Thursday, December 20, 2012

Coq Au Vin

December 20, 2012

Okay, so it’s 8:30 EST PM Thursday night before we’re hit by a big asteroid (or something otherwise dire) sometime after midnight.
So…..Todd and I are fixing a nice late-night steak dinner, before heading down to beach afterwards to watch the UFO’s land.
We think the first “take us to your leader” representative may be disguised as one of these: (SEE PHOTO AT TOP LEFT, taken by Todd one day when he spotted this guy scouting out the territory, as he was coming in our front door).
We actually like these guys better than the ones that look like chickens/roosters (LOUD MF’s) especially the ones that keep trying to keep coming in, and pecking & pooping in our living room.  Our dog Daisy could do a better job of keeping them out, but we’re all pretty glad she wisely gives them wide berth.
Live chickens are currency/personal property here, and no one wants to see one go before their time as road/dog kill….or let's wring its neck time.
That being said, inexplicably, one occasionally one goes missing. ** 

Coq Au Vin


Our food blogger, Jenna Weber, puts her spin on Julia Child's coq au vin recipe. She shares some tips for making this dish in a full post on the Fresh Tastes blog.

  • 4 slices thick cut bacon
  • 3 lbs chicken breasts and legs, skin on (two breasts and two drumsticks)
  • 1 yellow onion, chopped
  • 2 tsp minced garlic
  • 2 bay leaves
  • 1 sprig fresh rosemary, minced
  • 2 cups red wine
  • 2 cups chicken broth
  • 2 tbsp butter
  • 3 tbsp flour
  • 10 oz sliced mushrooms
  • ¼ tsp pepper
  • ½ tsp salt (or, to taste)


  1. Preheat oven to 250 degrees.
  2. Fry the bacon over medium heat in a dutch oven or large heavy-bottomed pot. After it’s fried, remove the bacon and place on paper towels to drain. Once cool, chop bacon and set aside. Keep the bacon grease in the pot.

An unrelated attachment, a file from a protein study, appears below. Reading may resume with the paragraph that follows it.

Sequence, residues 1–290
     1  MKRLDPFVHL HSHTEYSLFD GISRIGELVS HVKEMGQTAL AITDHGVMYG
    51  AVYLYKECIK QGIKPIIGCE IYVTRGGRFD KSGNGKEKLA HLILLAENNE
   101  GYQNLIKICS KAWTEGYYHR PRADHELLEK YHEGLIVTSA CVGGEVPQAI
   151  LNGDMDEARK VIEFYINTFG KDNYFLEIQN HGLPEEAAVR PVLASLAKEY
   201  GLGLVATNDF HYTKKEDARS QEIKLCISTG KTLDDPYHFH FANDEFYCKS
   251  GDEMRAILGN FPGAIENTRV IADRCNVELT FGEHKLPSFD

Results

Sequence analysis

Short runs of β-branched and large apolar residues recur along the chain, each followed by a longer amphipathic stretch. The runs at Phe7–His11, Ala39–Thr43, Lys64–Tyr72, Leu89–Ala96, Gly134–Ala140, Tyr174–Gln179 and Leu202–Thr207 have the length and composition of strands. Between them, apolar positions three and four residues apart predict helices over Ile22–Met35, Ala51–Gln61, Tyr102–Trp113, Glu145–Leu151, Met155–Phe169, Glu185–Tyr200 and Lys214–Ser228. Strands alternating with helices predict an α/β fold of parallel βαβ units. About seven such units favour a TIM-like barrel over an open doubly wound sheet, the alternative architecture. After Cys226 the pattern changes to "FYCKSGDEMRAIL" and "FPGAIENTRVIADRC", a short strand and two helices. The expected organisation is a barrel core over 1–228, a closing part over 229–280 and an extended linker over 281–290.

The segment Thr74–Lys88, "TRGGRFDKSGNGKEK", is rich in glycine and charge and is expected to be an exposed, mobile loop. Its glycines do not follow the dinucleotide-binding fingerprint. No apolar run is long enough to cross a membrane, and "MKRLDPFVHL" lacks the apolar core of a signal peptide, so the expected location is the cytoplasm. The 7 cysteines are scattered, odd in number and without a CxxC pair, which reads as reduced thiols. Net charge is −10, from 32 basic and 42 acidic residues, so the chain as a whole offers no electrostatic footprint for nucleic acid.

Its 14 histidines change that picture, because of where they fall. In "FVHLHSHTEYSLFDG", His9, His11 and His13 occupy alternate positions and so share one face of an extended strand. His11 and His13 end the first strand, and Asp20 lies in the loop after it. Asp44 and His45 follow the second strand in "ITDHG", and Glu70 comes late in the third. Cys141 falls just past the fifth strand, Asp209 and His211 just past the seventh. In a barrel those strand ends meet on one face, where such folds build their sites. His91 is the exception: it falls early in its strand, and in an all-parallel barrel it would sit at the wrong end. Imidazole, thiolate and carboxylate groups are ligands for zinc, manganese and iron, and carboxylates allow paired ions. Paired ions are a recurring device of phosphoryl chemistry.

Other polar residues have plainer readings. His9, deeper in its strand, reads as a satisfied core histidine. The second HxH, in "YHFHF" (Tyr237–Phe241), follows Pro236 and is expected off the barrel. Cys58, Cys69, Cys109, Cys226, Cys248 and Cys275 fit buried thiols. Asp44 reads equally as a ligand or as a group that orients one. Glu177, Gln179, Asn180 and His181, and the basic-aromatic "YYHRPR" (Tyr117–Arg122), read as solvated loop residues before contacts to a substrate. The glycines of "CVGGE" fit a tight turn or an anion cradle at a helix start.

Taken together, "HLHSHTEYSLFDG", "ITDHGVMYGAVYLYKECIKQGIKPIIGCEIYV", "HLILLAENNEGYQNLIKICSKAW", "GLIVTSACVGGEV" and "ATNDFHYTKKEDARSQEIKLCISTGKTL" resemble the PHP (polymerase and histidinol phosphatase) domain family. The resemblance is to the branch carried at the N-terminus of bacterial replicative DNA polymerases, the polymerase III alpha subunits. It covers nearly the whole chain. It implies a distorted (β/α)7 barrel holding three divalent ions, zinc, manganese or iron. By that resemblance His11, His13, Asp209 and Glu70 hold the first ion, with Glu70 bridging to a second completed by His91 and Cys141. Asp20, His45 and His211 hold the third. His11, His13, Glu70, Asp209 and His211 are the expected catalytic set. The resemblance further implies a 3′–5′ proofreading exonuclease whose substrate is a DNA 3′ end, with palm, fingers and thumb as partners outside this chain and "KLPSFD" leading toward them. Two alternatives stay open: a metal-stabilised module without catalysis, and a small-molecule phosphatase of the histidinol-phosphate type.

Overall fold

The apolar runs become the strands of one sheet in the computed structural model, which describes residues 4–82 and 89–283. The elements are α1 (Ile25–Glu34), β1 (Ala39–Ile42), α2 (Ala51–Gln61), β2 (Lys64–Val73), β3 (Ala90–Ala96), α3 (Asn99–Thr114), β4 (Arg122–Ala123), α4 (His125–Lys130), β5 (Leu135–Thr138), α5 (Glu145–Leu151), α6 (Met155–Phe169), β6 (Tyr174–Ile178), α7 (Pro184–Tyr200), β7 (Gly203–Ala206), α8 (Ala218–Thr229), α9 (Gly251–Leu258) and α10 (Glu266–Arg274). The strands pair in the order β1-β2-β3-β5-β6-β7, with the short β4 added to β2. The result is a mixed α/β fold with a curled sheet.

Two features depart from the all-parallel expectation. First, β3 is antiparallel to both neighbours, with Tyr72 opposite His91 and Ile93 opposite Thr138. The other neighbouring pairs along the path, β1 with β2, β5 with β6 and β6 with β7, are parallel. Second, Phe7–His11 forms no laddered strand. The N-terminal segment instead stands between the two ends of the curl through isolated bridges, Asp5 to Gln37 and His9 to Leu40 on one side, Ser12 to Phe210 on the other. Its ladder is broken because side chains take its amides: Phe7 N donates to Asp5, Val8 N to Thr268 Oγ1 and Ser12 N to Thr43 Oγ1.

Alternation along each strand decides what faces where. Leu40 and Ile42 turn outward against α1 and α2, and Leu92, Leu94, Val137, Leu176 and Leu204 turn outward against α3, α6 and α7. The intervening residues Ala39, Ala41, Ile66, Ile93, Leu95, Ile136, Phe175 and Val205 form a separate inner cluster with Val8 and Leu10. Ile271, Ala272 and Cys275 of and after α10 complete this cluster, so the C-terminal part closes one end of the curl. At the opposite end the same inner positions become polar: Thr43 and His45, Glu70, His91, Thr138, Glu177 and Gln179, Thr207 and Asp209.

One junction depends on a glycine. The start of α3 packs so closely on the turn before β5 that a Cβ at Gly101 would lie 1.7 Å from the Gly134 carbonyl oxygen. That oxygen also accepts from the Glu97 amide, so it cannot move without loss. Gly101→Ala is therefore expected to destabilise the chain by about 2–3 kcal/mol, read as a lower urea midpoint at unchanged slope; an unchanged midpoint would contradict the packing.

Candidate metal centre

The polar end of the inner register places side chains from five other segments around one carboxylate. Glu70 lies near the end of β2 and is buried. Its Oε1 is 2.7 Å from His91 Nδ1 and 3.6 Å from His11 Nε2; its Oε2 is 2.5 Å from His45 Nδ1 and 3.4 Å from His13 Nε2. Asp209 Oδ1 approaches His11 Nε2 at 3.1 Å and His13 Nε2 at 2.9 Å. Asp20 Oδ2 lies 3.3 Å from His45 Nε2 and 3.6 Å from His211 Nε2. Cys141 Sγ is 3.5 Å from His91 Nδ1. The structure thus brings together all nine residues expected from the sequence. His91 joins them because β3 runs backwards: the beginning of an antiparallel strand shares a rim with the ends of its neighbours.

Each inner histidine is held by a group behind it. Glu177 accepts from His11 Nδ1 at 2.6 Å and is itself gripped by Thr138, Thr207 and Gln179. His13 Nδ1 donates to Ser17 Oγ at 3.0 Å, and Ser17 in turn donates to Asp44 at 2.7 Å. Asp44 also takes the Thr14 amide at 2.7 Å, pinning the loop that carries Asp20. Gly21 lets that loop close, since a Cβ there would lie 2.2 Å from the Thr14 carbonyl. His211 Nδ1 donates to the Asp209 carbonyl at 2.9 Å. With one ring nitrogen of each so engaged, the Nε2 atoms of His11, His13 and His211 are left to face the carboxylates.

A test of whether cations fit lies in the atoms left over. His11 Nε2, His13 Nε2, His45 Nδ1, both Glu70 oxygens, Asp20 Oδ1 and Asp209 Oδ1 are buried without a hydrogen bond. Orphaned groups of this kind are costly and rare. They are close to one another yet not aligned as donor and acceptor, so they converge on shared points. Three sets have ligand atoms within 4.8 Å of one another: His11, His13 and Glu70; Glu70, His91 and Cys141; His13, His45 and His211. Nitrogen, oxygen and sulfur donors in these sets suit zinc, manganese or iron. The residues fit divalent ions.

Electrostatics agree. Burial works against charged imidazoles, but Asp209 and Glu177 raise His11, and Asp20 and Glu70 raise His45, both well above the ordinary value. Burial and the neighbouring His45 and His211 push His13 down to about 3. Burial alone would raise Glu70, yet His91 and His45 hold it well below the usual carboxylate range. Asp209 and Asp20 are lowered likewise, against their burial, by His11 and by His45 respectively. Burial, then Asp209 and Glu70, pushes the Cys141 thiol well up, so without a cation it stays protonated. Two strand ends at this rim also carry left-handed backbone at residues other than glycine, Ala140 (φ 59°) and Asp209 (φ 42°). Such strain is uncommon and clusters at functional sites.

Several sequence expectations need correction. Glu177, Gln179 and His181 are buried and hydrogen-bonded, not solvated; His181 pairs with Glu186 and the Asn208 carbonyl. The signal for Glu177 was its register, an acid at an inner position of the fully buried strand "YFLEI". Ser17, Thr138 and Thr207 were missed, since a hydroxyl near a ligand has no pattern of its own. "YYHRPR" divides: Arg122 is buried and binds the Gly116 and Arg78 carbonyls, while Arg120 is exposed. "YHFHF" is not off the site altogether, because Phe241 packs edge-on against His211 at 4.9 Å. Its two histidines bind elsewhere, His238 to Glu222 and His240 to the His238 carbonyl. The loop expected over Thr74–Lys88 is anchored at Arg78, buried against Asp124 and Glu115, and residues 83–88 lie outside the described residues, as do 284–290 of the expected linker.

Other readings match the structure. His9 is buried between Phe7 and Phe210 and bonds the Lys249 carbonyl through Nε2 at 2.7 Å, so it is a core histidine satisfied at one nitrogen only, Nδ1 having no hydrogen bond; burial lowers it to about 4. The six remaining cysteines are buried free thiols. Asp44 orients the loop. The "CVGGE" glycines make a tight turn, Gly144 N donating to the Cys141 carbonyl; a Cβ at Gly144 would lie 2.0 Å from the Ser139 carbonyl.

3. Turn heat to high and place chicken, skin-side down in the pot. Sear chicken until golden brown on both sides, about eight minutes. Then, add the onions, garlic, bay leaves and rosemary. Continue sautéing until the onions begin to soften, about six minutes.
  4. Add the chicken broth and red wine. Bring to a boil, then reduce heat to a simmer. Cover and let simmer for 30 minutes.
  5. After 30 minutes, carefully remove the chicken from the pot and place in an oven-safe dish. Keep chicken warm in the oven while you work on the sauce.
  6. Stir the flour and butter (butter should melt instantly in the pot) into the red wine sauce. Bring back up to a boil and stir constantly----sauce should be begin to thicken. Add mushrooms, chopped bacon, salt and pepper and continue cooking for 10-12 minutes. Keep in mind that the sauce will also thicken up a bit when it cools.
  7. Place chicken back in sauce and serve with roasted potatoes, noodles or a big green salad.
Yield: 4 servings

** No animals were harmed during the writing of this essay.

Wednesday, December 5, 2012

Donkeys, Chimps, and Other Things

December 5, 2012
I just returned from Cuenca. I went over a few days ago to rendezvous with my brother Jack, who recently arrived, and friends/Olón neighbors Doug and Pam, who also own a townhouse in Cuenca. They went to Baños first before I got there, and we all returned back to the coast yesterday. Unfortunately, my husband Todd wasn’t able to come along for this trip because of other commitments.

And as always, I enjoyed my trip to Cuenca (my 8th visit since May, but without dental appointments this time, because we’re pretty much done with those for now).